The Count of Monte Cristo (Le comte de Monte-Cristo) is a 1979 French 5-part (4-part in DVD release) mini series adapted from the famous novel by Alexandre Dumas, directed by Denys de La Patellière and starring Jacques Weber. This version is known to be the most true to the original book.
This page is for the 1979 French mini-series starring Jacques Weber. For the 1954 French film starring Jean Marais, see here. For the 1961 French-Italian film starring Louis Jourdan, see here. For the 1975 British film starring Richard Chamberlain, see here. For the 1998 French miniseries starring Gerard Depardieu, see here. For the 2002 English-language film starring James Caviezel, see here.
The following weapons were used in the miniseries The Count of Monte Cristo:
Percussion Cap Pistol
In the scene when Mr. Morel (Paulo Renato), the shipowner from Marseille, is ruined and is going to commit suicide, he takes a Percussion Cap Pistol from a drawer. This is some compact civilian model. Morel's son Maximilien (Diogo Dória) holds a percussion cap pistol when he gets news that his belowed woman is dead. Several of the Roman brigands carry pistols when they kidnap Danglars. The locks aren't seen clear but these are probably also percussion cap guns.
For reference: a percussion cap travel pistol converted fron a flintlock. Manufacture d'arme de Liege, Belgium.
Morel draws a pistol from the drawer.
He puts the pistol to his head. The cocked hammer is seen.
Morel lowers the pistol when his son comes into the room.
For reference: Chatellerault Model 1822 T Percussion Cavalry Pistol - .69 cal
Count of Monte-Cristo (Jacques Weber
) takes the pistol from the hands of Maximilien Morel.
He puts the pistol on the table.
For reference: Henry Parker long sea service pistol (percussion conversion) - .60 calibre
The grip of the pistol of a Roman brigand is seen at the left.
The pistol is tucked at the brigand's belt. This is a large, military style model.
Percussion Dueling Pistol
Count of Monte-Cristo (Jacques Weber) trains with Percussion Dueling Pistols in several scenes.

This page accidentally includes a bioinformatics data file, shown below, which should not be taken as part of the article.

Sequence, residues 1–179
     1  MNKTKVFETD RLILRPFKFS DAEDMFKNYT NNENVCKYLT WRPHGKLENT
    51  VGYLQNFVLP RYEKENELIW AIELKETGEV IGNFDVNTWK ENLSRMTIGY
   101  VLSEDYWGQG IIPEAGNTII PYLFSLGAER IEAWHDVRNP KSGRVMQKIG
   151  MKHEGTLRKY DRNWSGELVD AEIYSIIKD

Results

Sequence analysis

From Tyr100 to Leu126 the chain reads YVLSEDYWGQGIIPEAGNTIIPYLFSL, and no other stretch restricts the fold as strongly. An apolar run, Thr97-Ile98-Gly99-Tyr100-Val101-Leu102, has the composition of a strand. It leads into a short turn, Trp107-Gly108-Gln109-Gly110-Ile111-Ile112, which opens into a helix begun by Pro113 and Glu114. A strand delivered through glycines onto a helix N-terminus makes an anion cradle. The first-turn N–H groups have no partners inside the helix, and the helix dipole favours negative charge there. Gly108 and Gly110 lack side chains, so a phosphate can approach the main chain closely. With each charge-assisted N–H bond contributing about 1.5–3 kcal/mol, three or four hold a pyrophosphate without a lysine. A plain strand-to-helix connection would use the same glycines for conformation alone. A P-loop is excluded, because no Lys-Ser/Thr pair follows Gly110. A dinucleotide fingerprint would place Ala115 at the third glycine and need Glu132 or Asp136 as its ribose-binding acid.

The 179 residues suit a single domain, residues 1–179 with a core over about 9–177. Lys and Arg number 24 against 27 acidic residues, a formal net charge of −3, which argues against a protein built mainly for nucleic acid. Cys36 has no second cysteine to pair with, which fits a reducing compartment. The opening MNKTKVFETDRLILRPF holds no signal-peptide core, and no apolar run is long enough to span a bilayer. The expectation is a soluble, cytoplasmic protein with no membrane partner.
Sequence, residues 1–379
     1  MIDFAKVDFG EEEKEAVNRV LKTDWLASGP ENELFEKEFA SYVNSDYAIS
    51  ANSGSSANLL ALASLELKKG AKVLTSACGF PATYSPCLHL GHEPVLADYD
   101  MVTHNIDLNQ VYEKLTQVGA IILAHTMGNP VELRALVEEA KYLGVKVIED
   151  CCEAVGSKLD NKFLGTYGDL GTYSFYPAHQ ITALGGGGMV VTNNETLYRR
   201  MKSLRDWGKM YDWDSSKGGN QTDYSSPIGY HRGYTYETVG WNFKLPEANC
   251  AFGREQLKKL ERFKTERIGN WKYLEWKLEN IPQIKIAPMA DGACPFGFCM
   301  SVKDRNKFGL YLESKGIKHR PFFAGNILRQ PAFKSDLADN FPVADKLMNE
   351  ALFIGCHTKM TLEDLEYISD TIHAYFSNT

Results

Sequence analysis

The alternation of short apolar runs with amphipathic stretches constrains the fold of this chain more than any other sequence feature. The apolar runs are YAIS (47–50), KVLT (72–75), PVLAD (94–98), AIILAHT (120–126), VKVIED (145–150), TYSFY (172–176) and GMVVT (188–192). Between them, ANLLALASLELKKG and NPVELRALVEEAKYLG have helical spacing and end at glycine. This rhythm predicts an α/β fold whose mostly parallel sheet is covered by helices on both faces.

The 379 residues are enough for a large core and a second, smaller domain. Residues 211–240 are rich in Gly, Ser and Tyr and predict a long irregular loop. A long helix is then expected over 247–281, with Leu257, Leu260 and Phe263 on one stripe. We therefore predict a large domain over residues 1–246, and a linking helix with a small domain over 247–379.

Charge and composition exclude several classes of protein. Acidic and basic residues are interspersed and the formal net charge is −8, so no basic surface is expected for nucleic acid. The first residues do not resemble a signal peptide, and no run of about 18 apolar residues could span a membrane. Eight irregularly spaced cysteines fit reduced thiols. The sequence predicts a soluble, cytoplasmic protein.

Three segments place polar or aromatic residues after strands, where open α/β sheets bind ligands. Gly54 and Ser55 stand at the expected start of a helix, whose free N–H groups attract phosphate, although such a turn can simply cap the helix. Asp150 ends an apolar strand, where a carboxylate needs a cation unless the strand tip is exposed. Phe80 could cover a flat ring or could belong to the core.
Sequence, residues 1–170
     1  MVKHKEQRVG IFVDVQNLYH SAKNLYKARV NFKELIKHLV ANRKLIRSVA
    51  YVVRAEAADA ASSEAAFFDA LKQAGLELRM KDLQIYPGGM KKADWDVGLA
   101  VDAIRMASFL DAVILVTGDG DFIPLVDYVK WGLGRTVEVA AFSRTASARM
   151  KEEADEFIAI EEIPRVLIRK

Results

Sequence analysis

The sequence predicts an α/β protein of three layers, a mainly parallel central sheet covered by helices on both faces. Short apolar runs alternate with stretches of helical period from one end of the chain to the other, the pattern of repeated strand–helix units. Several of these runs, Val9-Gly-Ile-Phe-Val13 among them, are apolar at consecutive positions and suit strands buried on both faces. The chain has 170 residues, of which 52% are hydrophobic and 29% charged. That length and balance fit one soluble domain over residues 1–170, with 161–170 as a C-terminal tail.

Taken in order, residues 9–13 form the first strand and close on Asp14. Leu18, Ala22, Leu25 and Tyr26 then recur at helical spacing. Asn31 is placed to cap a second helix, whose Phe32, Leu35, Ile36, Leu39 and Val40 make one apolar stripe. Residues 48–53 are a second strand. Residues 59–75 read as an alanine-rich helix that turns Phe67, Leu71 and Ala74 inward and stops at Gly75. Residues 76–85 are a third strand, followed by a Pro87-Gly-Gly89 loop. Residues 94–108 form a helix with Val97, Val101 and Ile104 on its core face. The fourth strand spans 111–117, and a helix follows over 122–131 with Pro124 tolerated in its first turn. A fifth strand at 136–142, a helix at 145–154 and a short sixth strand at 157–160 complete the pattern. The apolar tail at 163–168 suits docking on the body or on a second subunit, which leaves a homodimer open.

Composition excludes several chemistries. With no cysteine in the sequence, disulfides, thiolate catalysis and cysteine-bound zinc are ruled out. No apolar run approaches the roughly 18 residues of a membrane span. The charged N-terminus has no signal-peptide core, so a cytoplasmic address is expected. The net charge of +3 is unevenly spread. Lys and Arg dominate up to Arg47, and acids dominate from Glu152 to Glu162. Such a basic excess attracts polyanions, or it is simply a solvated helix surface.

Mang in Graz Match Percussion Dueling Pistol - .38 inch
Count of Monte-Cristo holds a percussion dueling pistol in his lowered hand.
A pair of pistols is seen in the box.
Count of Monte-Cristo trains in shooting. Manservant Ali (uncredited) is ready to give his master the second pistol.
When Monte-Cristo fires, the hammer moves and there is a faint smoke on the lock.
Monte-Cristo takes the second pistol.
Luigi Vampa (uncredited), the chieftan of the Roman gang, carries a pistol tucked into his belt. It has nearly vertical grip that is common for dueling and target pistols. The lock is barely seen.
Another view of Vampa's pistol. The shape of the grip is seen better here.
When Edmond Dantès (Jacques Weber) embarks on the Island of Monte Cristo in 1829, he is armed with a Flintlock Musket.
Dantès holds a musket when he embarks on the Island of Monte Cristo. The shape of the buttstock of this musket is more common for hunting guns than for military ones.
Dantès' musket leans against a stone. The lock can be seen, but not very clear.
Dantès holds the musket when he finds the cave. The frizzen can be seen.
The musket is seen from another side.
Dantès uses the buttstock of his musket to seach for the buried treasure chest.
Percussion Cap Musket
Anachronistic percussion cap muskets are seen in several scenes. There are definitly several models that differ in stocks and muzzle caps, but the exact models hardly can be identified.
Soldiers carry muskets during the arrest of Edmond Dantès in 1815.
The barrel of a musket is seen at the far right. This musket, notably its muzzle cap, differs from common French patterns, being more similar to British models, like Enfield Pattern 1853
The lock of the musket at the left can be seen.
Soldiers stand in formation. Muskets at the right, at least three of them that are seen better, have French Charleville style
Baron Franz d'Epinay (Carlos de Carvalho
) holds a percussion cap musket, probably a hunting gun, when he embarks on the Island of Monte Cristo in 1838 and is invited to be a guest of the Count of Monte Cristo.
d'Epinay hands the musket to the captain of his yacht.
When Albert de Morcerf is kidnapped in Rome by the Luigi Vampa's gang, a musket is seen in hands of a brigand. The lock is seen unclear but tends to be a percussion cap.
A Kabyle Musket is seen on the wall in Count de Morcerf's house.
The lock and barrel are seen.